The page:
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Investigation of the infectious cycle of molluscum contagiosum virus in human skin and the nature of MCV induced immunity

Sherwani, Subuhi 2013. Investigation of the infectious cycle of molluscum contagiosum virus in human skin and the nature of MCV induced immunity. PhD Thesis, Cardiff University.
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Molluscum contagiosum virus (MCV) is a significant human pathogen causing benign tumours in the human skin. Molluscum contagiosum (MC) infection is most common in children, young adults and immunodeficient individuals. MCV replicates well in the human skin in vivo, but conditions that support MCV replication in vitro are unknown. The lack of in vitro cell culture system has significantly limited progress in MCV research. The aims of this study were, (i) To develop a reporter assay for the sensitive detection and quantitation of MCV infections in vitro, (ii) To express suitable MCV virion surface antigens to develop a sensitive MCV ELISA assay, and (iii) To raise and characterize monoclonal antibodies (mAbs) against these antigens for the detection of MCV in infected human skin. All goals were achieved. A reporter assay based on simultaneous transfection of luciferase/EGFP reporter plasmids and infection with live MCV worked well and was used to test the infectivity of MCV in several human and animal cells. A novel C-terminal MC084 ELISA was established and used to determine MCV seroprevalence in two European populations. mAbs against MC084 and MC133 were raised and partially characterized. Interesting findings were that MCV not only infects human keratinocytes, but also a wide range of animal and human cells in vitro, which, however, do not support replication. Our MCV ELISA gives seroprevalences in UK and German general populations comparable with previous Australian and Japanese studies (<40 years of age). Surprisingly, in older age groups (vaccinated against smallpox), a significantly higher MCV seroprevalence was observed. This was not due to crossreactivity with VACV. We propose this increase may be due to childhood MCV antibodies being boosted by subsequent vaccination or vice versa. Finally, the mAbs raised are unique reagents and will be used in future work to test a hypothesis that MCV replicates in human epidermal stem cells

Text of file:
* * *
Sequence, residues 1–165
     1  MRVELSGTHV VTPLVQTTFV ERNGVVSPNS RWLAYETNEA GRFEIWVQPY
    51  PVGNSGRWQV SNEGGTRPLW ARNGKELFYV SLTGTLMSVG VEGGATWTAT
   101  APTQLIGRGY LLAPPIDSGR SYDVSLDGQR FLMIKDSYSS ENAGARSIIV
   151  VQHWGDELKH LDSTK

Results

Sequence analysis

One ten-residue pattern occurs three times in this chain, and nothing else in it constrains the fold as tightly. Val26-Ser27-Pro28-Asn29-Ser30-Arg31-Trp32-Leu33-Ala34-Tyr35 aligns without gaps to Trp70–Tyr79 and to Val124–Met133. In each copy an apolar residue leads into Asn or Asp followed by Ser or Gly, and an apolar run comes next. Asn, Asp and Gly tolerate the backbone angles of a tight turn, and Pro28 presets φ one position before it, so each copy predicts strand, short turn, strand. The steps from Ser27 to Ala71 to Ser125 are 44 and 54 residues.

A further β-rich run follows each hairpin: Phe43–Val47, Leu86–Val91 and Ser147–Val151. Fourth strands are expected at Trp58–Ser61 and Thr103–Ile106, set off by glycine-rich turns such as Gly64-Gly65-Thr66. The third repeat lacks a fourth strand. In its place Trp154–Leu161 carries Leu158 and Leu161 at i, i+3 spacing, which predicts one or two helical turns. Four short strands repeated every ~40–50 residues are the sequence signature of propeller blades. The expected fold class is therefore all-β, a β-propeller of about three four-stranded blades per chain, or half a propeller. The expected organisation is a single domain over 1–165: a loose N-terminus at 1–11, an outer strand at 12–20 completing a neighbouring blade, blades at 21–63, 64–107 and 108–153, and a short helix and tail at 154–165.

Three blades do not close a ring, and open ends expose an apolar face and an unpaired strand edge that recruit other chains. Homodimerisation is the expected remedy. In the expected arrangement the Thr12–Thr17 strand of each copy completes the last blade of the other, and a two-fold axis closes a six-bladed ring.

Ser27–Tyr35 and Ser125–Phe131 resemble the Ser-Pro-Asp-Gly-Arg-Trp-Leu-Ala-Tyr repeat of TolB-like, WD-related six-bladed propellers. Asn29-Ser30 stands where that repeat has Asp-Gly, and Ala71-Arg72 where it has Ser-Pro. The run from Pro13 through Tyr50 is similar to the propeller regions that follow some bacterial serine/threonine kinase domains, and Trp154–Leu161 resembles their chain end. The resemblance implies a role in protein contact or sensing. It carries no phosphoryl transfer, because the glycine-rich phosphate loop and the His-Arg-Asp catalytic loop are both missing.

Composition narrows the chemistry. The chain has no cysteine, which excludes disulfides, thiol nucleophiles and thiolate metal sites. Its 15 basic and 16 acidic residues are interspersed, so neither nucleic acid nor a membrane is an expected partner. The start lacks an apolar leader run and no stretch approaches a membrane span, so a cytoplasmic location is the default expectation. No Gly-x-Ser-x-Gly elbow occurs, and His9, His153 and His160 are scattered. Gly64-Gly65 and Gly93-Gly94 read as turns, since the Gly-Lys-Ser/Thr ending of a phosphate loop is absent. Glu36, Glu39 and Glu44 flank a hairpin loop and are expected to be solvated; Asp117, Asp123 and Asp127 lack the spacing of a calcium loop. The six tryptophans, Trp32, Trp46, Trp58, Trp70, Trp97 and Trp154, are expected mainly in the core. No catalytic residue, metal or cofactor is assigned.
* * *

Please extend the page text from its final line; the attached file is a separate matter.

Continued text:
Item Type: Thesis (PhD)
Status: Unpublished
Schools: Medicine
Subjects: R Medicine > R Medicine (General)
Date of First Compliant Deposit: 30 March 2016
Last Modified: 19 Mar 2016 23:35

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